The total number of pallets is then calculated for orders and the orders are sorted in descending order by the number of pallets and their weight:

The algorithm gives the following order allocation by loads:

We see that the algorithm has calculated 4 loads. The used algorithm, however, does not calculate the best allocation of orders by loads, which can be achieved in our example. The best allocation would be 3 loads of 20 pallets each. In the above scenario, you can adjust the calculation by moving Order 91 from Load2 to Load3, Order 93 from Load3 to Load2, and Order 88 from Load4 to Load2. To get a better allocation of orders across loads, you need to use other algorithms of the Bin packing problem, which makes the implementation of the new strategy much more complicated.

If we calculate loads using the standard strategy with the additional pallet count control, we see that the system calculates 3 proposed loads, but for the first load the number of pallets (24) would be greater than the vehicle’s capacity of 20 pallets,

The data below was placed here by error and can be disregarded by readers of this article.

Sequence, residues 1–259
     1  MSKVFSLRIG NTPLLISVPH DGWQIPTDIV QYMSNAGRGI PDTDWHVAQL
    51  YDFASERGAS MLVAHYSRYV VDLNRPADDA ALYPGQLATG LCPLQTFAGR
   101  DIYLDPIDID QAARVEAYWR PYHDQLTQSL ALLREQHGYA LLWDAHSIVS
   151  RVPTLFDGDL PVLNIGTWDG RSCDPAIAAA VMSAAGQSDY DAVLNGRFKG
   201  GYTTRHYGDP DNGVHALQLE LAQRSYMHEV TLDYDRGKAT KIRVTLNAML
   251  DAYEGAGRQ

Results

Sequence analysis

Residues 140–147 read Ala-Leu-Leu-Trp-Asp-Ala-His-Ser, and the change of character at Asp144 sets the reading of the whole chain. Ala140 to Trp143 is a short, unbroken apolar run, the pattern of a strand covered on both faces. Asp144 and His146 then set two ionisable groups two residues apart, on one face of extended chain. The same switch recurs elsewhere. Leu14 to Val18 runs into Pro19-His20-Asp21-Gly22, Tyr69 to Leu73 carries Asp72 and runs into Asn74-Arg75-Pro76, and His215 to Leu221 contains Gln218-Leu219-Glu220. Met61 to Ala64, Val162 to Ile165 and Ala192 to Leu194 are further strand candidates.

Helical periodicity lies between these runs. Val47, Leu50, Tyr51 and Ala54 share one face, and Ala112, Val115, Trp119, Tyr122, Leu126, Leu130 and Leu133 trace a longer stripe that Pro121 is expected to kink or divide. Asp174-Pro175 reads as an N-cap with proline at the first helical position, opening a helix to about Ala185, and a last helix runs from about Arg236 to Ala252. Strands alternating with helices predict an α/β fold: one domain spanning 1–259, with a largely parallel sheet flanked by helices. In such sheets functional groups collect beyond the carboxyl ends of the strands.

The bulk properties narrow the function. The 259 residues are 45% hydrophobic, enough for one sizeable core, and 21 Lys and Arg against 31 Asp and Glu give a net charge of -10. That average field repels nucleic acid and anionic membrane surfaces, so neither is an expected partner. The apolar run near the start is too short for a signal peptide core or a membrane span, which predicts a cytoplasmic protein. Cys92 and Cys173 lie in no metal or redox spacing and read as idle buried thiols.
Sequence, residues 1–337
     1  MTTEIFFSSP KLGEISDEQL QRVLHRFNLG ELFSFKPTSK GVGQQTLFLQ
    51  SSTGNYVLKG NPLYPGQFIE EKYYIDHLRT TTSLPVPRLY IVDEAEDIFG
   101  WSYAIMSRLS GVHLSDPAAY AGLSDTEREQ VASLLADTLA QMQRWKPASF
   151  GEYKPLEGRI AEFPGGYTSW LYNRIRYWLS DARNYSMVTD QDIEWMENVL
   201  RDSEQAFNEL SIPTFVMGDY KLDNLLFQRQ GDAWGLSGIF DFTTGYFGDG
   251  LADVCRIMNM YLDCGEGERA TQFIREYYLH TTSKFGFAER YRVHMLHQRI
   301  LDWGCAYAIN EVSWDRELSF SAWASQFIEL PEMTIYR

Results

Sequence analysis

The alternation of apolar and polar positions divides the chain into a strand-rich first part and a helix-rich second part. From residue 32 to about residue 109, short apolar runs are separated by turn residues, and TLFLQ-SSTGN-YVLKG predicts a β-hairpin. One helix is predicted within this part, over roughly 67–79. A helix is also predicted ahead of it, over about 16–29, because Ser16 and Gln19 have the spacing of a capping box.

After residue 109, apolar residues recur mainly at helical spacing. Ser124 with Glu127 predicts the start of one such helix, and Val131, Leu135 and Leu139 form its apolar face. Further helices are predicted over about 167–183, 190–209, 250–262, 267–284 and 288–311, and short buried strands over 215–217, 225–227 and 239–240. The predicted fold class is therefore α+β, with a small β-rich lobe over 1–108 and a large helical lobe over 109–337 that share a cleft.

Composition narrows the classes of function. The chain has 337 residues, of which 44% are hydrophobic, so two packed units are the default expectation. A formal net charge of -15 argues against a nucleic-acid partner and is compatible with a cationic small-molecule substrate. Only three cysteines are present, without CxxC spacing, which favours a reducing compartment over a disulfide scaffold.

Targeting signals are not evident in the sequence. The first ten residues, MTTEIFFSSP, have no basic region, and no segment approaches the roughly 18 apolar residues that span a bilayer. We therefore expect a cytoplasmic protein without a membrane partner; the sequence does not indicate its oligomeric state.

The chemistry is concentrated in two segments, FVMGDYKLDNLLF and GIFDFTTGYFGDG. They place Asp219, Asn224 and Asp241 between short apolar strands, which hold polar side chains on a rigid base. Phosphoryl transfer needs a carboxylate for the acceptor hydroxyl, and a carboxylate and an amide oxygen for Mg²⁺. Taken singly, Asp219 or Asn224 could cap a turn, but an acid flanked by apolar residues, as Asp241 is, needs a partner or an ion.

which in practice would not allow pallets to be loaded into the vehicle.

**Conclusion**

In the example above, you can see the possible differences in load building strategies, so you can choose the load calculation strategy which is right for your business. In my opinion, if customer orders have a few items with large quantities that can be estimated in pallets, then it is preferable to use a new strategy to calculate loads. If customer orders have a large list of items with small quantities and it is difficult to estimate the required number of pallets, then it is worth trying to use the standard strategy (after deciding whether it is possible to split order lines into different loads or not).